8 July 2024


Judgments

Supreme Court

Chandra and Ors. vs. Mukesh Kumar Yadav and Ors.

MANU/SC/0752/2021

01.10.2021

Motor Vehicles

In absence of salary certificate, the minimum wage notification can be a yardstick but cannot be an absolute to fix the income of deceased

In instant case, unfortunate parents who lost their son aged about 32 years in the motor vehicle road accident are before present Court claiming enhancement of compensation arising out of an application filed under Section 166 of the Motor Vehicles Act, 1988. The Tribunal by judgment has awarded the total compensation of Rs.10,99,700 with interest @ 6% p.a. The Appellant-parents alone have filed appeal before the High Court. The High Court by impugned judgment dismissed the appeal.

It is the specific case of the claimants that, the deceased was possessing heavy vehicle driving licence and was earning Rs.15000 per month. Possessing such licence and driving of heavy vehicle on the date of accident is proved from the evidence on record. Though the wife of the deceased has categorically deposed as AW¬1 that her husband Shivpal was earning Rs.15000 per month, same was not considered only on the ground that salary certificate was not filed.

The Tribunal has fixed the monthly income of the deceased by adopting minimum wage notified for the skilled labour in the year 2016. In absence of salary certificate, the minimum wage notification can be a yardstick but at the same time cannot be an absolute one to fix the income of the deceased. In absence of documentary evidence on record some amount of guesswork is required to be done. But at the same time the guesswork for assessing the income of the deceased should not be totally detached from reality. Merely because claimants were unable to produce documentary evidence to show the monthly income of deceased, same does not justify adoption of lowest tier of minimum wage while computing the income. There is no reason to discard the oral evidence of the wife of the deceased who has deposed that, deceased was earning around Rs.15000 per month.

In present case, the accident was on 27th February, 2016 and it is clearly proved that, the deceased was in possession of heavy vehicle driving licence and was driving such vehicle on the day of accident. In view of enormous growth of vehicle population and demand for good drivers and by considering oral evidence on record, present Court takes the income of the deceased at Rs.8000 per month for the purpose of loss of dependency. Deceased was aged about 32 years on the date of the accident and as he was on fixed salary, 40% enhancement is to be made towards loss of future prospects. At the same time, deduction of 1/3rd is to be made from the income of the deceased towards his personal expenses.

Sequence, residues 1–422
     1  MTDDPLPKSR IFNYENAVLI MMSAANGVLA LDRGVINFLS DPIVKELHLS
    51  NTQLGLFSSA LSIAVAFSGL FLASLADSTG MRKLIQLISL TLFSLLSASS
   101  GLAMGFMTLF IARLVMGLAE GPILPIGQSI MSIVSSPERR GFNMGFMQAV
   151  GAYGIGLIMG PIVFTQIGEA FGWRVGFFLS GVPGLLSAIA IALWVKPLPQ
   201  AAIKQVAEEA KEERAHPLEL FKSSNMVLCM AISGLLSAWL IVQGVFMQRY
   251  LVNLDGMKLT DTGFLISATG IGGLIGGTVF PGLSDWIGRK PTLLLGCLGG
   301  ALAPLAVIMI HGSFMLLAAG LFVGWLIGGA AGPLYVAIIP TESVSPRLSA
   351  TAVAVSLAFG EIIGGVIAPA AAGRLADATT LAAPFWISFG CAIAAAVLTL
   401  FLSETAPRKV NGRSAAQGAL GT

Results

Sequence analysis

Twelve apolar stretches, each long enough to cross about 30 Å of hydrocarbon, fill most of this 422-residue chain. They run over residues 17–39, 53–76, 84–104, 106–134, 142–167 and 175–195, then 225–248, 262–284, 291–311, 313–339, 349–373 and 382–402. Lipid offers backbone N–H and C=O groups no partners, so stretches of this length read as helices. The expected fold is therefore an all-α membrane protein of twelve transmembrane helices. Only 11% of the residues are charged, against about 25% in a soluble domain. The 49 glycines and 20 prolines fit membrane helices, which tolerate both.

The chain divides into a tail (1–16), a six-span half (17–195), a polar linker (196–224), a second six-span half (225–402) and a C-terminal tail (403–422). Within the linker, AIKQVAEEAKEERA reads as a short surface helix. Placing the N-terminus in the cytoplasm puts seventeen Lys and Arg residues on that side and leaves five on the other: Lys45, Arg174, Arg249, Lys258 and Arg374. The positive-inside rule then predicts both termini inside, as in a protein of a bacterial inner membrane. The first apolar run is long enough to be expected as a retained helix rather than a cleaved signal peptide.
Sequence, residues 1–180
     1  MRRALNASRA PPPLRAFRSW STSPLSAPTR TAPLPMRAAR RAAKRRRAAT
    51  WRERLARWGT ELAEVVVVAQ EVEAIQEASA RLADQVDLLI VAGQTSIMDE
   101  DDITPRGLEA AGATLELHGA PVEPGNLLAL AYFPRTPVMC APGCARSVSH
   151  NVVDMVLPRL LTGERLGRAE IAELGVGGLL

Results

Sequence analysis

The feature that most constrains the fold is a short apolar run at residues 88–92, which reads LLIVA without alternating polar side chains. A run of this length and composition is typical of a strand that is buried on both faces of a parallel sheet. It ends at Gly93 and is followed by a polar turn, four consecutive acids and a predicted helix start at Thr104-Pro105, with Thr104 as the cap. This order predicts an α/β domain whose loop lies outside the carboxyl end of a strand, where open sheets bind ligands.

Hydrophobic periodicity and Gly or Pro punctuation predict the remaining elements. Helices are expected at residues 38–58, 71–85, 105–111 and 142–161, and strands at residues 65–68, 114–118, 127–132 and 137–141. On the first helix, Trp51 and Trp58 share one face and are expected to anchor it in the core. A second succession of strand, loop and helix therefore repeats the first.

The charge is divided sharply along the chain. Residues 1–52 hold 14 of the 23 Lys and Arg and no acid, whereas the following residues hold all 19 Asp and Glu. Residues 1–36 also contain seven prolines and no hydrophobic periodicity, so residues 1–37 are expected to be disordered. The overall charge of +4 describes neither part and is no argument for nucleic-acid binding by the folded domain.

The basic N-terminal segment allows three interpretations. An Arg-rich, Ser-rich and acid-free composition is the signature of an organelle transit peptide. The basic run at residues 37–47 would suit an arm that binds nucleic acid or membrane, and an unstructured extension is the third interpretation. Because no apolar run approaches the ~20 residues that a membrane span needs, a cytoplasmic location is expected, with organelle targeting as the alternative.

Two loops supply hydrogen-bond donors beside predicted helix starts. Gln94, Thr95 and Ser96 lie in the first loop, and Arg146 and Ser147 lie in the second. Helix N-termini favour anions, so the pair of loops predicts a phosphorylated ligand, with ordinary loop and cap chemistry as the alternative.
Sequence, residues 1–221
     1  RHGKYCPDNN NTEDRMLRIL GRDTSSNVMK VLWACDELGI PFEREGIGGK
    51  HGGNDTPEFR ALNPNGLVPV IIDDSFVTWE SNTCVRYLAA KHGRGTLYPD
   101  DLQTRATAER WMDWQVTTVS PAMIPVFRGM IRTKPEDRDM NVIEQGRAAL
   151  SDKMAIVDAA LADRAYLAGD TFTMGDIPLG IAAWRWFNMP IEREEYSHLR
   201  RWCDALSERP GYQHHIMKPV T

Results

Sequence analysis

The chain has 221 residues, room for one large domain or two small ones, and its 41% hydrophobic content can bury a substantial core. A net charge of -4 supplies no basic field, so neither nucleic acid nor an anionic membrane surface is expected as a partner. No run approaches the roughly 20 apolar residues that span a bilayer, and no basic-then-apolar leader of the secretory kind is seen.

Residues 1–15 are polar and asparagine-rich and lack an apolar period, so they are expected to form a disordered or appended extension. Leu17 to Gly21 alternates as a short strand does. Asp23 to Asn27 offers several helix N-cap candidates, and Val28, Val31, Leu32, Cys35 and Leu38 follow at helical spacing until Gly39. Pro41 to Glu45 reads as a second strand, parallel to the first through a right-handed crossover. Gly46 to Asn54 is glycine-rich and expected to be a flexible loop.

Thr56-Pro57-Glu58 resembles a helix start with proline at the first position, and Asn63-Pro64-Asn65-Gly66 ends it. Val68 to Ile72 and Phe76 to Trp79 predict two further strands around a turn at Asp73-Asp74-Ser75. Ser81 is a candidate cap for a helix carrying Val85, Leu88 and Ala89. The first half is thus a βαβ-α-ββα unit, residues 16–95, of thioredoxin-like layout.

Accordingly, the income of the deceased can be arrived at Rs.7467 per month. By applying the multiplier of ‘16’ the claimants are entitled for compensation of Rs.14,33,664. As an amount of Rs.10,99,700 is already paid towards the loss of dependency the Appellant¬parents are entitled for differential compensation of Rs.3,33,964. Further, in view of the judgment of present Court in the case of Magma General Insurance Company Limited vs. Nanu Ram @ Chuhru Ram & Ors., the Appellants are also entitled for parental consortium of Rs.40,000 each. The finding of the Tribunal that, parents cannot be treated as dependents runs contrary to the judgment of this Court in the case of Sarla Verma (Smt). & Ors. vs. Delhi Transport Corporation & Anr.

The Appellants are entitled for further compensation amount of Rs.3,33,964 on account of loss of dependency and consortium amount of Rs.40,000 each. Thus total compensation payable to the Appellants is fixed at Rs.4,13,964 with interest @ 6% p.a. from the date of filing of claim petition. Appeal allowed.

Tags : Award Compensation Validity

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